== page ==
“D:REI”, the new album by Germany´s BLACK SPACE RIDERS is going to be released on 24 january 2014. The album contains almost 80 minutes of new music. The band just shared the coverartwork and the tracklist with their fans.
We have decided to keep our independency and all our rights, meaning the album will be released under our own label BLACK SPACE RECORDS. It will be distributed by Cargo Records Germany and different national distributors and mailorders in other countries as well as by ourselves.
We will play three exclusive record-release-shows in Germany: 24.01.2014 Münster / Gleis 22 30.01.2014 Hamburg / Hafenklang 31.01.2014 Köln / MTC Cologne
More tourdates in spring will follow soon.
D : Defiance 1. Stare At The Water 2. Bang Boom War (Outside My Head) 3. Rising From The Ashes Of Our World
R – Ruins 1. Give Gravitation To The People 2. Way To Me 3. Temper Is Rising 4. The God-Survivor
E – Escape 1. I See 2. Leave 3. Space Angel (Memitim)
I – Beyond 1. Major Tom Waits 2. Letter To A Young One 3. The Everlasting Circle Of Infinity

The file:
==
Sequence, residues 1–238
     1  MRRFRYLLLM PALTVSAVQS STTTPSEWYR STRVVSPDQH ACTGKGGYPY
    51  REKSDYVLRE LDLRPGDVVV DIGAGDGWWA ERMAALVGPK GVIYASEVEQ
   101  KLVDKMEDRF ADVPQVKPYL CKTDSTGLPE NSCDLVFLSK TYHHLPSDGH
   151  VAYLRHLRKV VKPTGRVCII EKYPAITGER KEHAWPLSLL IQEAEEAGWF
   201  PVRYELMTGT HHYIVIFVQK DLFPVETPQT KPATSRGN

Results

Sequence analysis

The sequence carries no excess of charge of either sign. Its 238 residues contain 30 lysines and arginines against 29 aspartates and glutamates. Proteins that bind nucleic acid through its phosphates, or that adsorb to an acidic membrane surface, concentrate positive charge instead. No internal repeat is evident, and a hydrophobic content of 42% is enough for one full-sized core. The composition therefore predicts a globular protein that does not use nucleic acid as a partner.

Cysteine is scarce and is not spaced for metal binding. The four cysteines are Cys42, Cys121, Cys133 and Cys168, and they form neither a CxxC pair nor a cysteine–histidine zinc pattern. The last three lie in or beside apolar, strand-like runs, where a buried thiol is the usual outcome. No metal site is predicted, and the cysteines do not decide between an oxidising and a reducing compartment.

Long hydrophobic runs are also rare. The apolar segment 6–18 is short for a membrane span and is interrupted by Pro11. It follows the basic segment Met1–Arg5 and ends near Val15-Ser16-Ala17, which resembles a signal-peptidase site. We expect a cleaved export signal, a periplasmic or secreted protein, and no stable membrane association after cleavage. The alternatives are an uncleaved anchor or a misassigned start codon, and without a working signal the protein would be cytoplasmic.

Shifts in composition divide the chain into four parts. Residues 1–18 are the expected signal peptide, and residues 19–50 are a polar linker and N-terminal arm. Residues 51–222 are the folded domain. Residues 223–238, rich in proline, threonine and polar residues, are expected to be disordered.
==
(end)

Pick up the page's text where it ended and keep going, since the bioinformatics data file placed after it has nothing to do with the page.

Posted in audiObelisk on December 2nd, 2013 by H.P. Taskmaster
Generally, a split release is a good way for one act to build a bridge to another. When bands team up, it’s not just about putting their own material out there, but also about joining forces with a community and saying, “This represents us too.” One imagines that if there was anything drawing British sludge riffers Lazarus Blackstar and German post-metallurgists Black Shape of Nexus together, it wasn’t so much the desire to build a bridge as the shared affinity for laying waste to infrastructure in general. This coming February, they’ll issue two sides of sonic oblivion via Alerta Antifascista Records that highlights both the commonalities and the differences between the two acts.